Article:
Island library joins Great Backyard Bird Count


400-anastasia-birdwatchingOver the last couple of years, Harold George informed local Historic City News reporters that the Anastasia Island Library has witnessed a huge response to their programs that focus on the environment, birds and our natural resources.

Because of this response, the Anastasia Island Library created a multifaceted program for our community that included bird lectures, a birdhouse decorating contest, haiku poetry contest, and, this year, they have stepped up as a community sponsor of the Great Backyard Bird Count.

“We hope to encourage our youth, as well as our adult population, to be informed stewards of our natural environment,” George told reporters. “To accomplish that goal, we want to provide educational and informative programs that focus on our local community resources.”

In an annual event that spans over four days between February 15 and 18, 2013, participants with all levels of skill, from first timers to seasoned birders, will count and report the birds they see to the Great Backyard Bird Count special website.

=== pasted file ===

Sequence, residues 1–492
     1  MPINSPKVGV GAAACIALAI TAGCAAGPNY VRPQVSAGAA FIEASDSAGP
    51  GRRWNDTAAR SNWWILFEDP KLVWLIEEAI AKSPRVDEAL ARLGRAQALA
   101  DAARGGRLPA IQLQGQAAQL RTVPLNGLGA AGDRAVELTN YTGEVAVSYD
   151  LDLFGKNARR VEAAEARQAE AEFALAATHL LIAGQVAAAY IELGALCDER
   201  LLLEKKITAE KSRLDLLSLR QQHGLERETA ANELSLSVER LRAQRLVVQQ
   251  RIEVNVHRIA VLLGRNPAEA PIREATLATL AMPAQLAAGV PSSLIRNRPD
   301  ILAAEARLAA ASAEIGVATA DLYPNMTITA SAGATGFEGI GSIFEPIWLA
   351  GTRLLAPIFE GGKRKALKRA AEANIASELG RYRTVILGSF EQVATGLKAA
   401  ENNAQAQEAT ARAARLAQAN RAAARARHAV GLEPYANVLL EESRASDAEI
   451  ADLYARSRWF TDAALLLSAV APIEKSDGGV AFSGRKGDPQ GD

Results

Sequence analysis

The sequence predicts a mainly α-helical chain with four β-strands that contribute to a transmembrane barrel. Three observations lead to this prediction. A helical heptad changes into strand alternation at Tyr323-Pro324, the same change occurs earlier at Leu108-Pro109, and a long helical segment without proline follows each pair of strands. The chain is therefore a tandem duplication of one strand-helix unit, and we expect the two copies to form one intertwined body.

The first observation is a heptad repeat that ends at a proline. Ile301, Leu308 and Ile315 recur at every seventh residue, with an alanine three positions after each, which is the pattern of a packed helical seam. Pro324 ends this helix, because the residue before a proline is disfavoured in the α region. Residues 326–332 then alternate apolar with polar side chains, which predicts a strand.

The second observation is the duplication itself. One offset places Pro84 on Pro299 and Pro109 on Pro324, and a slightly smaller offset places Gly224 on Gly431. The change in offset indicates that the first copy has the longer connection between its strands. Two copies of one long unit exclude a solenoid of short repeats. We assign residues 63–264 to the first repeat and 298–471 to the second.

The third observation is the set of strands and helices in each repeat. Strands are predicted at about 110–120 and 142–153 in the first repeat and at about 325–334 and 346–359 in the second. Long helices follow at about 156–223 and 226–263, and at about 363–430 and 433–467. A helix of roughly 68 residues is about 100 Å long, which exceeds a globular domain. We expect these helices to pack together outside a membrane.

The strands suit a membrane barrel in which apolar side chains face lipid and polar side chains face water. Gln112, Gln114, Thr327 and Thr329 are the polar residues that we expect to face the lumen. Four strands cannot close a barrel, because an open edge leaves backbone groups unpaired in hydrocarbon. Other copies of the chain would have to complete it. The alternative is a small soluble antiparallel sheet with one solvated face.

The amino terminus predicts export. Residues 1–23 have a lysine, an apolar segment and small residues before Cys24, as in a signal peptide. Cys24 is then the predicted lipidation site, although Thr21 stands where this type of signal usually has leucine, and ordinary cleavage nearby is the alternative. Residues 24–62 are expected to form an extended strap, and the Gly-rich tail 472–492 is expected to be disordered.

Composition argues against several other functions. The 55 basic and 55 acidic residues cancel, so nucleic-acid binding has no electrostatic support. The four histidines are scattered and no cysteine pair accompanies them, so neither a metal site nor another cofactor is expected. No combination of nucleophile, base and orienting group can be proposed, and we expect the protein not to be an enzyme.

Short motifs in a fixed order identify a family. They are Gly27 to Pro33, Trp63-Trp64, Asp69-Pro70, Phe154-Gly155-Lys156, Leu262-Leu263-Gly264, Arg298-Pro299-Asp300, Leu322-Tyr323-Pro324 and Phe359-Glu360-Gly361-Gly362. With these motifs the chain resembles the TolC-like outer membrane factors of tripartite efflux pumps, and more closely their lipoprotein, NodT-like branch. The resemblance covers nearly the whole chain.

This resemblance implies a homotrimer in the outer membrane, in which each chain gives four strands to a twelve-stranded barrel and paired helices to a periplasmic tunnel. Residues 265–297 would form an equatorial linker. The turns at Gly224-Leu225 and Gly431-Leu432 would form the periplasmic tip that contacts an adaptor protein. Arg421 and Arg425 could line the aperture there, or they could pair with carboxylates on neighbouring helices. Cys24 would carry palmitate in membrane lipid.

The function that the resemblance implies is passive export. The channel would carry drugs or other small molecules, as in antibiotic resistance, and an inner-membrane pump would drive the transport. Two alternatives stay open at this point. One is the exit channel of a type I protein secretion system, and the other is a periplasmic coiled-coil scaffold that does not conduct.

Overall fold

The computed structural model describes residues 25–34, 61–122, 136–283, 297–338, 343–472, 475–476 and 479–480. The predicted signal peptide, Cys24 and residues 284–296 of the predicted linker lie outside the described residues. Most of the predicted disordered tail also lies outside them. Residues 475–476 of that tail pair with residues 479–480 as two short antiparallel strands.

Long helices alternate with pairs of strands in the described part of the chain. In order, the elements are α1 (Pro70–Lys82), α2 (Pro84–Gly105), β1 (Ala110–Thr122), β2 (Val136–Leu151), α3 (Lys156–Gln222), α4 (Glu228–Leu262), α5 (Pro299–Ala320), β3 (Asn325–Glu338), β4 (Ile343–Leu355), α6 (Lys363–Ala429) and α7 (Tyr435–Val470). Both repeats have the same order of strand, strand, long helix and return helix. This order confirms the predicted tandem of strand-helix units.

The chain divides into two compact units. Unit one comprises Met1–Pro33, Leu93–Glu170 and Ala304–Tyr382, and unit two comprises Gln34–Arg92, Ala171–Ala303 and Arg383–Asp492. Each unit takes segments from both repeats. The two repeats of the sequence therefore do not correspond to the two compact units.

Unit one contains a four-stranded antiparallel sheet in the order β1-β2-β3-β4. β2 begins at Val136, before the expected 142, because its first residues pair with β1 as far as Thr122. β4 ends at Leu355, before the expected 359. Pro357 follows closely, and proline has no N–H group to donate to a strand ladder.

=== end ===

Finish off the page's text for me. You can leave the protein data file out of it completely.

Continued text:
Why Count Birds?

Scientists and bird enthusiasts can learn a lot by knowing where the birds are.

Bird populations are dynamic and constantly in flux.

No single scientist or team of scientists could hope to document and understand the complex distribution and movements of so many species in such a short time.

Scientists use the Great Backyard Bird Count information, along with observations from other citizen-science projects, such as the Christmas Bird Count, Project FeederWatch, and eBird, to get the “big picture” about what is happening to bird populations.

Last year, George told Historic City News that St. Augustine came in 5th place nationally; identifying and reporting the most species in a locality — with 155 species identified.

The longer these data are collected, the more meaningful they become in helping scientists investigate far-reaching questions:

• How will the timing of birds’ migrations compare with past years?
• How are bird diseases, such as West Nile virus, affecting birds in different regions?
• How will the weather influence bird populations?
• What kinds of differences in bird diversity are apparent in cities versus suburban, rural, and natural areas?

The Great Backyard Bird Count is led by the Cornell Lab of Ornithology and National Audubon Society, with Canadian partner Bird Studies Canada and sponsorship from Wild Birds Unlimited. Its purpose is to create a real-time snapshot of where the birds are throughout the world. The data is used as a scientific base for many studies.